Although federal and state regulators in the U.S. took far more enforcement actions against crypto firms and ICOs operators in the last two years, they merely collected $36 million, a recent WSJ analysis shows.
In total, the US regulators brought up to 90 stand-alone enforcement actions related to digital assets, and charged individuals in more than 70 percent of these cases. The SEC has also launched dozens of investigations into different crypto investment schemes, many of which were still ongoing.
The SEC’s annual enforcement report shows a marked increase of investigations into ICOs, with 30 mentions this year relative to only four in 2017. In addition, the US top regulator has required many crypto companies to register their tokens as securities.
But despite the increasing regulatory scrutiny, the SEC had returned less than $40 million to harmed investors, which may be partially explained by indications that many of these probes are still ongoing.
Unless a certain scheme is clearly defined by the SEC as fraudulent or criminal, the regulator will typically allow the businesses they have penalized to continue operating and generating revenue, which is not unusual in such cases.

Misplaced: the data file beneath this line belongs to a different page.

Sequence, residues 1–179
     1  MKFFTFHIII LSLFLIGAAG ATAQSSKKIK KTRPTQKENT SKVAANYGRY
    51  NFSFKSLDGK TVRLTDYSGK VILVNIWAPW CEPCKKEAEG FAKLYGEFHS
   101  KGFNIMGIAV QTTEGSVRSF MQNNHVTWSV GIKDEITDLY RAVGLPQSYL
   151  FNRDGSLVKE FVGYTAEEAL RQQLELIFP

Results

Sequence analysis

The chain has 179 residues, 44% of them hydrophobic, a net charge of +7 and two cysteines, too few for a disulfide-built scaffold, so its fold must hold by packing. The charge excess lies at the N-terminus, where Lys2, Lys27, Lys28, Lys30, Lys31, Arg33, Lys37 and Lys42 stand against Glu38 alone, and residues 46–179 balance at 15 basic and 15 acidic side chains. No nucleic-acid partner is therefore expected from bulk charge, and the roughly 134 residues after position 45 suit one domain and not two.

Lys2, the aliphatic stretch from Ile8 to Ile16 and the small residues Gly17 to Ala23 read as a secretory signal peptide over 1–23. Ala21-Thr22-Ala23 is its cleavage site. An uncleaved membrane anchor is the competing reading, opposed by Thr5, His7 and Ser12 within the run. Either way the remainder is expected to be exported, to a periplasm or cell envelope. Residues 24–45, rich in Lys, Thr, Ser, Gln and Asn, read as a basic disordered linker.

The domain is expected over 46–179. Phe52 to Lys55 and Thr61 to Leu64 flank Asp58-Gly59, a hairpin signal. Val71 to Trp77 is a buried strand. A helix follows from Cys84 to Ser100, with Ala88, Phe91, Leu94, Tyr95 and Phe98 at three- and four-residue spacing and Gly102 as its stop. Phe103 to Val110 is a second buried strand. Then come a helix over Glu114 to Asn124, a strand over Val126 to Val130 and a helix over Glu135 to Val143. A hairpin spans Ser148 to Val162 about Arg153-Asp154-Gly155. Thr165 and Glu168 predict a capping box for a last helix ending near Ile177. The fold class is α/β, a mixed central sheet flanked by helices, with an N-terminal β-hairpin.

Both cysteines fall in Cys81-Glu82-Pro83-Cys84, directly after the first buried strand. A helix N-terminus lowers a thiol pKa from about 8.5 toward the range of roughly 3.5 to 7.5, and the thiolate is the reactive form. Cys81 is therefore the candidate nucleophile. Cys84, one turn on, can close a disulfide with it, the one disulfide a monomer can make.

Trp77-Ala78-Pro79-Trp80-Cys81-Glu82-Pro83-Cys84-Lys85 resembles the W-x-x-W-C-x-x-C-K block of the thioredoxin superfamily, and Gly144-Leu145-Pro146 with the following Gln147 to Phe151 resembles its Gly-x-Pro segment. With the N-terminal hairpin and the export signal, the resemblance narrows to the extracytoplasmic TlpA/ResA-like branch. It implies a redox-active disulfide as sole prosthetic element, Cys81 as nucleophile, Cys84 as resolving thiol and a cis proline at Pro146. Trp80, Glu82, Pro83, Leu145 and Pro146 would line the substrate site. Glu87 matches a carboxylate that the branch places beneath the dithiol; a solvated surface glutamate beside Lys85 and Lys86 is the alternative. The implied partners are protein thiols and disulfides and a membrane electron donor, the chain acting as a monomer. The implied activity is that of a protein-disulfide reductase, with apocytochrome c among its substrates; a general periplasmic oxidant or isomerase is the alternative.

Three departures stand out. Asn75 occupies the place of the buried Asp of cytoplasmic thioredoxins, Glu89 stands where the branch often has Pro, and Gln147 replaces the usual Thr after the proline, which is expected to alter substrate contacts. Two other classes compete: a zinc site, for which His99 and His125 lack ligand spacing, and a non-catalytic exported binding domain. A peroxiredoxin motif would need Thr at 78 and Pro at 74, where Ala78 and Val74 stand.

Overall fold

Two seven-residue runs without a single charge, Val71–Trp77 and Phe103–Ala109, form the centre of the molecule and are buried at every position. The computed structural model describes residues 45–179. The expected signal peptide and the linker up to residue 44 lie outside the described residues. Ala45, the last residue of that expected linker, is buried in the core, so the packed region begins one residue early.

Another study, however, shows that more than $1 billion has been poured into ICOs where the SEC identified red flags, despite the fact that it’s nearly impossible to know which ones will survive.
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The murky sector for regulators
Several of these cases were given special note, including the self-described world’s first decentralized bank – AriseBank, Titanium Blockchain Infrastructure Services — which has raised up to $21 million from thousands of investors in the U.S. and abroad; and most recently Riot Blockchain (Nasdaq: RIOT), formerly a biotech company that saw its share price skyrocket when it refocused on cryptocurrencies.
The regulatory status of cryptocurrency offerings generally, remains somewhat murky. However, the SEC warned that securities law might apply to some virtual tokens depending on their specific characteristics. In those cases, securities registration, disclosure and other requirements apply.
SEC Chairman Jay Clayton has also highlighted the need for ICOs to register with appropriate agencies, or at least contact regulators to see if they qualify for an exemption. He also warned investors against dealing with ICO promoters who claim their product is exempt from securities registration.
Most recently, the agency postponed its decision on whether to approve the listing of what would have been the world’s first Bitcoin exchange-traded fund (ETF).
In May, the SEC’s Office of Investor Education and Advocacy (OIEA) created a bogus ICO website that shows how an investment opportunity that was too good to be true would look.
Putting cryptocurrency companies and their advisers on notice, however, failed to chill the booming market. The recent clampdown comes just as major US cryptocurrency operators are racing to build the nation’s first regulated venues for tokens deemed to be securities.